Pretty Minerals!

In honor of going rock-shopping at the annual gem and mineral show, I figure I ought to show off some of the pretty things in my collection. I don’t have anything particularly valuable or unusual, but I do have some pretty things, and there’s lots of interesting things to know about them.

Calcite

  • CaCO3
  • Makes up shells of marine animals, constituent of limestone
  • Single crystals can show birefringence where you see double looking through them (you can sort of see it in the picture of the flat crystal)
  • This particular piece is interesting because it shows twinning. This is a structural feature where multiple crystals grow along the same planes/through each other so you get these beautiful symmetrical patterns. Both sides are totally identical.

Vanadinite

  • As the name suggests, has vanadium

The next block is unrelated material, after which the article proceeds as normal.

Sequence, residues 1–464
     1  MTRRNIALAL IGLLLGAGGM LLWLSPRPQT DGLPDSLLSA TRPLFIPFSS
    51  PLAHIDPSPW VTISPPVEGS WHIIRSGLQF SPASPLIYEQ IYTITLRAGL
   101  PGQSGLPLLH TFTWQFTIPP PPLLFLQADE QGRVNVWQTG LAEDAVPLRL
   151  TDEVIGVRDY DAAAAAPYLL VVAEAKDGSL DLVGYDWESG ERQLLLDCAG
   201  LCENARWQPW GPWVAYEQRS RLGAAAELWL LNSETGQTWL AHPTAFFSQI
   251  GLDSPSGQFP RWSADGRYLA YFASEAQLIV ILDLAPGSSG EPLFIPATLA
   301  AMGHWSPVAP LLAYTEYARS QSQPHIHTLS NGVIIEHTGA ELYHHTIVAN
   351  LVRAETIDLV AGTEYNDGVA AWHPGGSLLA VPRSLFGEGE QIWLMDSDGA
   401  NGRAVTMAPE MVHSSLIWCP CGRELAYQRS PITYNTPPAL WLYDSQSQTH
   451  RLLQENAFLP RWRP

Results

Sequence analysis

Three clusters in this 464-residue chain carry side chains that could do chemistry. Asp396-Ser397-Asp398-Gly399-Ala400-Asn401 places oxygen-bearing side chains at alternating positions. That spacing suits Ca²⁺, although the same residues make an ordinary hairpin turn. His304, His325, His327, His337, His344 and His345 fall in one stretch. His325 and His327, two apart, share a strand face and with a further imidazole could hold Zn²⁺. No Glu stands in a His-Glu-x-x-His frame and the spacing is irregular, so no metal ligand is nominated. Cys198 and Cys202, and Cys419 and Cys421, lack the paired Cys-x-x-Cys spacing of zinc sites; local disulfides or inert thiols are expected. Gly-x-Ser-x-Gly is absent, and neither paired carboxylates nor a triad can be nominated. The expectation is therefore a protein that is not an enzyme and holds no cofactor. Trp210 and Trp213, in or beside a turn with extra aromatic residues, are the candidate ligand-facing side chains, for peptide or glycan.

• Also comes in a more brilliant red!

Corundum

  • Aluminum oxide, aka ruby or sapphire depending on color
  • Second hardest mineral after diamond
  • Comes in lots of colors and can make nice hexagonal crystals
  • Sometimes has these cool triangular etching-like marks? You can sort of see them in the picture, it looks like something made by humans, but it’s not

Lepidolite (and bonus tourmaline):

  • Lepidolite is a mica containing lithium
  • Lepidolite can make for fantastically purple sparkly rocks!
  • The tourmaline here is the pink stuff. It comes in many colors (technically “tourmaline” includes more than one mineral)
  • My favorite tourmaline is “watermelon” tourmaline, that’s green and pink like a watermelon

Wulfenite (and bonus hemimorphite):

  • Wulfenite (PbMoO4) is the tiny yellowish crystals and the reddish squares.
  • Hemimorphite gets its name (“half-shape”) because each end of the crystal can be a different shape. This is kind of unusual.

Malachite

  • Copper mineral
  • Often found with azurite, a very very blue mineral

Neptunite

  • Neptunite’s the shiny black stuff.